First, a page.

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July 12, 1985 - Image 11

Resource type:
Michigan Daily, 1985-07-12

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Chinese denounce U.S. decision
PEKING (UPI) - An indignant President Li Xiannian Committee and one of the nation's top economists. ~
yesterday attacked a U.S. decision to withhold funds from "I DON'T know whether President Reagan is aware of
a U.N. population program and branded reports of infan- that," said Li, the first Chinese head of state to tour North
ticide and forced abortion in China as lies. America since China's 1949 communist revolution.
"It is total fabrication and distortion," Li said in an un- Peking is extremely sensitive over foreign criticism of
prompted outburst during an interview with reporters at its "one couple, one child" family planning policy, aimed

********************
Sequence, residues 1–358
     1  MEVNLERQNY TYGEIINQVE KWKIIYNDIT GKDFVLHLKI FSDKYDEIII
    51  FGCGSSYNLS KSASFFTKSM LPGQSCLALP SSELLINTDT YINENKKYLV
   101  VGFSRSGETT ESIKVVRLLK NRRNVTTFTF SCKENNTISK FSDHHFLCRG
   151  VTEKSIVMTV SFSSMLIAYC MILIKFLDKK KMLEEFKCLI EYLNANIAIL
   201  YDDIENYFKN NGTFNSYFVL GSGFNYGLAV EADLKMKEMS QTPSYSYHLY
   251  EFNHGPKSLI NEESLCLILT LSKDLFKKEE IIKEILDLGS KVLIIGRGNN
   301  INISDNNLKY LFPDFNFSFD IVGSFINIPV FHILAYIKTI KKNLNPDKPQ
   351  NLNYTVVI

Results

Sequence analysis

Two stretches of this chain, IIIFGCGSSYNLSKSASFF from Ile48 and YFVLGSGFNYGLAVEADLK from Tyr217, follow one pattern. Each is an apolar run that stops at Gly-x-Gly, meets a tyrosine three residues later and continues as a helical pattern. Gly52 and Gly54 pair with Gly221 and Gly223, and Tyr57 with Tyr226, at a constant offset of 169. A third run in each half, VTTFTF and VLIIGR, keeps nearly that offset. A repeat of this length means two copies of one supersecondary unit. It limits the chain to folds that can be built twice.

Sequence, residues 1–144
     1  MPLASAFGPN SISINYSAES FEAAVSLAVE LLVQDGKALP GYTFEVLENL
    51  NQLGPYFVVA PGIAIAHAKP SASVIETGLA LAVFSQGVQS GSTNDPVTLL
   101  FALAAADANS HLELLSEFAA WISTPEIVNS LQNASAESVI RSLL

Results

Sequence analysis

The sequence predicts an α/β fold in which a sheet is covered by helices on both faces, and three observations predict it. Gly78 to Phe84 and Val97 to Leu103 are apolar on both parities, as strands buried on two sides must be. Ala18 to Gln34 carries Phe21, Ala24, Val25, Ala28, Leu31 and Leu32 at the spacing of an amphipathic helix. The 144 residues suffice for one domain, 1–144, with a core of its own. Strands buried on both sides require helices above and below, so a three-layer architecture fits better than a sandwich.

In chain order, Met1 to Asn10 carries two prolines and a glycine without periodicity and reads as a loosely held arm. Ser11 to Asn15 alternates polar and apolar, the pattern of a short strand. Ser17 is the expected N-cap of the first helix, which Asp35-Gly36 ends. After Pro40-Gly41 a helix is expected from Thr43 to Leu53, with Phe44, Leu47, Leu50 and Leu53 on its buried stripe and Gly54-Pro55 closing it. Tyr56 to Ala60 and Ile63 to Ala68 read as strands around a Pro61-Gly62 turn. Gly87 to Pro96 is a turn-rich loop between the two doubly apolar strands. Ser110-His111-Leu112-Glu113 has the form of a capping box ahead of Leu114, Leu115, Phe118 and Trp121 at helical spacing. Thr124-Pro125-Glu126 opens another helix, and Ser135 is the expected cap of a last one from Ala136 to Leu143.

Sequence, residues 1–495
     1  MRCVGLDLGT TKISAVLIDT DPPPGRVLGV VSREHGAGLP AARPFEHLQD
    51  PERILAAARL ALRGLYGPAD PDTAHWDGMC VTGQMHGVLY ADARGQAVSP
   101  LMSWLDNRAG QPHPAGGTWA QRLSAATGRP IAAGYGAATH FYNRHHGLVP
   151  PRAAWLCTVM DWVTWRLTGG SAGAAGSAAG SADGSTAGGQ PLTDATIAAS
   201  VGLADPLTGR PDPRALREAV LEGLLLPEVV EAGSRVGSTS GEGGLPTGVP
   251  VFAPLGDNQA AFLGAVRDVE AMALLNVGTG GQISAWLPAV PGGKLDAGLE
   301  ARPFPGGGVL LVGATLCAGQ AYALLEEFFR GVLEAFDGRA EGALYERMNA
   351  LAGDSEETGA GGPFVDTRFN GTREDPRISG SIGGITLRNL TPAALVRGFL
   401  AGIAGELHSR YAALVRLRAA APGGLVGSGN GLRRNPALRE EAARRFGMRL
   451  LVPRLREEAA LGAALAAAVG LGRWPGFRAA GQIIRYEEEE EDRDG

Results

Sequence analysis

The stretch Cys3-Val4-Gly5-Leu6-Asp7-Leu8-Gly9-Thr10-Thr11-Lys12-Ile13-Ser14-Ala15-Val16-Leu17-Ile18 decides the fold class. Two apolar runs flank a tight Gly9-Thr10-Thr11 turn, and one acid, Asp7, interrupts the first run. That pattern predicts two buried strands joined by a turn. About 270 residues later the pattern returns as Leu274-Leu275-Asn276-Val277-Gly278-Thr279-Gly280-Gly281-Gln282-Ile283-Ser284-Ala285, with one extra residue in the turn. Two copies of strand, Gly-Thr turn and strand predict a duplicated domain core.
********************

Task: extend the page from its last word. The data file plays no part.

Peking airport Thursday morning before his departure at keeping China's population from surpassing 1.2 billion
for an unprecedented three-week trip to Canada and the before the year 2000.
United States. The House vote may create a tense atmosphere for Li's
formal talks with President Reagan in Washington on
THE U.S. House of Representatives voted Wednesday to July 23. However, Li indicated he hoped the matter would
allow President Reagan to withhold all or part of a plan- not seriously affect his U.S. visit.
ned $52 million contribution to the U.N. Fund for
Population Activities to pressure China into halting repor- LI, 76, accompanied by his wife, Lin Jiamei, and a high-
ted abuses of its population control policy, powered entourage of Chinese policymakers, is to spend
10 days in Canada starting July 11, followed by a 10-day
The House amendment cited reports of 53 million forced visit to the United States.
abortions between 1979 and 1984, as well as persistent Li's talks with Reagan will focus on the Soviet Union,